4. Until recently it was thought that “healthy fats”, such as omega-3 fats, olive oil helped boost HDL cholesterol, but now doubt has been cast on this assertion.

Triglycerides

  1. The body converts excess calories, sugar, and alcohol into triglycerides.
  2. This is the type of fat that is carried in the blood and stored in fat cells throughout the body.
  3. Those who indulge in high-carb foods, and those who are physically inactive, overweight, smokers, or heavy drinkers tend to have high triglycerides levels.
  4. A triglyceride score of 150 or higher puts you at risk of metabolic syndrome, which is linked to heart disease and diabetes.

Cholesterol Ratio – Determine Your Health Risk

calculating cholesterol ratio
  1. The link between cholesterol levels and risk of heart disease is calculated by determining the cholesterol ratio.
  2. Doctors rely on cholesterol ratio which is obtained by dividing your total cholesterol by your HDL cholesterol. For example, a total score of 300 divided by an HDL score of 50 equals a cholesterol ratio of 6 to 1.
  3. Doctors recommend maintaining a ratio of 4 to 1 or lower. The smaller the ratio, the healthier you are.
  4. This ratio is useful in estimating your risk of developing heart disease. However it is not important in guiding treatment. Doctors take an overall look at total cholesterol, HDL & LDL to determine your treatment plan.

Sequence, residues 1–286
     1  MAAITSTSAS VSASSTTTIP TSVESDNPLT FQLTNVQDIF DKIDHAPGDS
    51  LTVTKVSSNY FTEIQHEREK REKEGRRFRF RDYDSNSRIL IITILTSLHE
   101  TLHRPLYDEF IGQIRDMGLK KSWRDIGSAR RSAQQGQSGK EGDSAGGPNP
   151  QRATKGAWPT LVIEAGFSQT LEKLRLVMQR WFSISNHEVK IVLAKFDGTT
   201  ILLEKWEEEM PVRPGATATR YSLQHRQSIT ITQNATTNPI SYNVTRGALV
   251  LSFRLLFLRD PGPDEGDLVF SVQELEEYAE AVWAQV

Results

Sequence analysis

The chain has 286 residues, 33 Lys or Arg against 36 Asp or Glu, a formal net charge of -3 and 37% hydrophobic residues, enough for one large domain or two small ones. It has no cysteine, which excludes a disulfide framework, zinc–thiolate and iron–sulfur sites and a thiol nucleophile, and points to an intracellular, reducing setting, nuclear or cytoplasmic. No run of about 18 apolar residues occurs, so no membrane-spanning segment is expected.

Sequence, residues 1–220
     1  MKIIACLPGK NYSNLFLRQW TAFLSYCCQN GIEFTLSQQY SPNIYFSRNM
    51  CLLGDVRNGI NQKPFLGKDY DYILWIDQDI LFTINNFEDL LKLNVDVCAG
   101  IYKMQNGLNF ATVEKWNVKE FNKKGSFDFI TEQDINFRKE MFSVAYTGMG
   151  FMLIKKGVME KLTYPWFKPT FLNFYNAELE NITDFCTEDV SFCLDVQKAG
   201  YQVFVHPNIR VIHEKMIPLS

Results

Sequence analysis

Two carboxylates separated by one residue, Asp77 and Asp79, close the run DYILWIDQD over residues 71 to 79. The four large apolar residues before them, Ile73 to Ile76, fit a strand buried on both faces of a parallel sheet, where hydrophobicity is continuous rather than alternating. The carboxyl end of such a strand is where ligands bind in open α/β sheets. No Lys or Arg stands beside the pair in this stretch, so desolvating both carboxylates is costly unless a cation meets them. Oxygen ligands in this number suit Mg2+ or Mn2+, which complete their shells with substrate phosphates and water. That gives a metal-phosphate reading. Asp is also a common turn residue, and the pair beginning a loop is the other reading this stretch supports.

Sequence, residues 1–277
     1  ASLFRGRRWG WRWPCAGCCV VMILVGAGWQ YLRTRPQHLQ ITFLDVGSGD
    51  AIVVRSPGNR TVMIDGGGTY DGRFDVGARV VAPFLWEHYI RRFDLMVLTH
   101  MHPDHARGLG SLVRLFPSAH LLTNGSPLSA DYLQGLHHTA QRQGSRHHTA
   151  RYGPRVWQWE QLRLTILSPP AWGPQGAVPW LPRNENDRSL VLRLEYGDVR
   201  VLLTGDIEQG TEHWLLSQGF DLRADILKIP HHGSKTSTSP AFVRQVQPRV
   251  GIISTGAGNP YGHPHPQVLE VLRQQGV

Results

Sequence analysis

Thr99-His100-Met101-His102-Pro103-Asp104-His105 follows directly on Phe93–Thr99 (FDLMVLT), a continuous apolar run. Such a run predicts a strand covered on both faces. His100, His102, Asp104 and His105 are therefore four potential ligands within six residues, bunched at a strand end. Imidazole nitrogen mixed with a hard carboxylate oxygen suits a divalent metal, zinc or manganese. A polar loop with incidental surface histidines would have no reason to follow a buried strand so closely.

Enjoy Your Meals!

All foods containing animal fat contain cholesterol to varying extents. Major dietary sources of cholesterol include cheese, egg yolks, beef, pork, poultry, fish, and shrimp. Human milk also contains significant quantities of cholesterol because it is necessary for healthy growth of infants.

  1. Initially cholesterol-rich foods like eggs, shrimps and lobster were forbidden because they had cholesterol in them.
  2. But now research has shown that the cholesterol we eat has a small effect on blood cholesterol levels for most people so these foods are no longer completely forbidden. [ed. The body makes its own cholesterol, so cholesterol is obviously not a bad thing. Our bodies do not produce substances which are designed to give us heart attacks!]